Posted: May 14, 2005
"A LIFELONG DEMOCRAT, BORN ON DELAWARE DAY"
By Celia Cohen
Delaware Democrats, reveling in their winning record, elected John D. Daniello as their state chair, putting themselves in the hands of a veteran political warrior they expect to drive them hard and keep their streak going.
The party had no illusions about what it was doing to itself when it held a state convention Saturday in Dover and voted unanimously for Daniello, a political player who has been around since the 1960s as a New Castle County councilman, congressional candidate, Cabinet secretary and New Castle County Democratic chair, the post he gave up to take his new assignment.
Daniello comes to the party as a master political organizer, more comfortable delivering votes than speeches. For anyone who prefers a spoonful of sugar to help the medicine go down, forget it. Daniello is straight medicine.
"If you think the truth might hurt, don't ask John," quipped New Castle County Executive Christopher A. Coons.
"Let me tell you something about John Daniello. He never met a Republican who he thinks should hold public office," said House Minority Leader Robert F. Gilligan.
Daniello is -- in the words of his daughter Elizabeth Daniello Maron, a party official who nominated him -- "a lifelong Democrat, born on Delaware Day."
As a matter of fact, Daniello's birthday was not just on Dec. 7, the day Delaware became the first state to ratify the U.S. Constitution in 1787, but it was in 1932, a year Democrats remember for the election that made Franklin Delano Roosevelt president.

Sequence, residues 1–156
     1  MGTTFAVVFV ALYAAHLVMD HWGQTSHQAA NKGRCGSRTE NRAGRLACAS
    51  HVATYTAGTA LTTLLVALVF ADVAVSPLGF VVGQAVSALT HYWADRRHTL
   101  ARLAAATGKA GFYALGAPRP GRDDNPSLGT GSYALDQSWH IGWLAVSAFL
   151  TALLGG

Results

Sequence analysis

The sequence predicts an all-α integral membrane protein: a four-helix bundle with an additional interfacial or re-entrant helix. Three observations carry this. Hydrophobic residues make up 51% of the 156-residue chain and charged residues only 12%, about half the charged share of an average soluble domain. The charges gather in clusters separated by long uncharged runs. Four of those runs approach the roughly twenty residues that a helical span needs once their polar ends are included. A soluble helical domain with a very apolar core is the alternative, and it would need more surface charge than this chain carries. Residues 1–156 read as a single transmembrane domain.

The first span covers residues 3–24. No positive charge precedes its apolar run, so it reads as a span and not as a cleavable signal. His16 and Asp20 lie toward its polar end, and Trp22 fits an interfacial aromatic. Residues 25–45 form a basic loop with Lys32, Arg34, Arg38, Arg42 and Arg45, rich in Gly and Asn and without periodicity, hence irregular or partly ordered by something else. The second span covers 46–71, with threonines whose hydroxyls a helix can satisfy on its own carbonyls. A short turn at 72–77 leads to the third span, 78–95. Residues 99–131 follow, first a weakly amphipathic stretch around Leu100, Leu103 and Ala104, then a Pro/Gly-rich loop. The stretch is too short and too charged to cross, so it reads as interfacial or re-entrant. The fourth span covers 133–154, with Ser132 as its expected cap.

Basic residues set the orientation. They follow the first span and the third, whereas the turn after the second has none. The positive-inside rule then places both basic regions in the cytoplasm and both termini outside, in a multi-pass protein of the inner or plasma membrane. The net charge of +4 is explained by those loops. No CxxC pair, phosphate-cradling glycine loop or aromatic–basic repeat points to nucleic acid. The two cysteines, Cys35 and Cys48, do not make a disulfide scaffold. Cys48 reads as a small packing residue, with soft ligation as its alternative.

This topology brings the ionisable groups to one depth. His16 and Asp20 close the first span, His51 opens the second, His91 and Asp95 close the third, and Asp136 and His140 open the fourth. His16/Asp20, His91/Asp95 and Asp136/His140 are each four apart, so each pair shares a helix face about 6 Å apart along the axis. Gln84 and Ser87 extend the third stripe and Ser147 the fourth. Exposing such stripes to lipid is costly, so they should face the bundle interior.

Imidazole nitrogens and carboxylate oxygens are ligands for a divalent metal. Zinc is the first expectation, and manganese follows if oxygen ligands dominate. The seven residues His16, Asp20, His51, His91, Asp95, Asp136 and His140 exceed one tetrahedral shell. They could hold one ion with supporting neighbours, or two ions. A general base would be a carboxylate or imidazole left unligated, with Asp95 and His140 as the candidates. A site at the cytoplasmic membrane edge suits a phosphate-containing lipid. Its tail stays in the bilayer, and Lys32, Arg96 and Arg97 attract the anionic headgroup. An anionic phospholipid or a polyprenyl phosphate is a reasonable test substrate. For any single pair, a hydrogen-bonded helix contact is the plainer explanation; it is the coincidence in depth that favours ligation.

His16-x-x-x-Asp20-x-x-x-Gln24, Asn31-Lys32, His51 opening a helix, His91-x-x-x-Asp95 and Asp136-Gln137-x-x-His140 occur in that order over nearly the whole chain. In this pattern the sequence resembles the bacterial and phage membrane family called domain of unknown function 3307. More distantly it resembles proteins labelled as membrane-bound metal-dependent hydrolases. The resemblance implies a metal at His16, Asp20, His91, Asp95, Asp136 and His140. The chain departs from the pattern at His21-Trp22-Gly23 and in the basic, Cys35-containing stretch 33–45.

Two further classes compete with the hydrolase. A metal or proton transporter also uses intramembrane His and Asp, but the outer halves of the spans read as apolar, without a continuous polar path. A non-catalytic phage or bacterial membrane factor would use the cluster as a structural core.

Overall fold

Daniello's politics are grounded in the labor unions, and the Republicans already are showing signs of making it an issue. John S. Bonk, the Christiana-Mill Creek Region Republican chair, spoke about it Thursday at a party meeting at the Mill Creek fire hall.
Bonk, who is in the construction business, said Daniello comes out of a labor movement that could not compete at the job site, so it turned to government. "Their way of gaining market share was political involvement," he said. "After Saturday it will be statewide. It will be a complete takeover of the Delaware Democratic Party by organized labor."
Daniello took the gavel at a convention so serene that no one would have gotten humorist Will Rogers' joke, "I'm not a member of any organized political party, I'm a Democrat."
As much as the Delaware Democrats spoil for a good fight, they had no interest in jinxing what they have going. The state has not voted for a Republican for governor or president since 1988, and the Democrats hold six of the nine statewide offices, including both U.S. Senate seats.
The convention had but one moment of division -- a limp effort by Karen Weldin Stewart, a former candidate for insurance commissioner, to unseat Karen L.K. Valentine, the national committeewoman from Kent County, from her post representing the state party on the Democratic National Committee.
Valentine had endorsements from Gov. Ruth Ann Minner, Lt. Gov. John C. Carney Jr., state Treasurer Jack A. Markell and others, including John F. Kerry, and she crushed Stewart. The vote was announced as 200-63, but the official tally sheet had another five votes for Stewart, making it 200-68.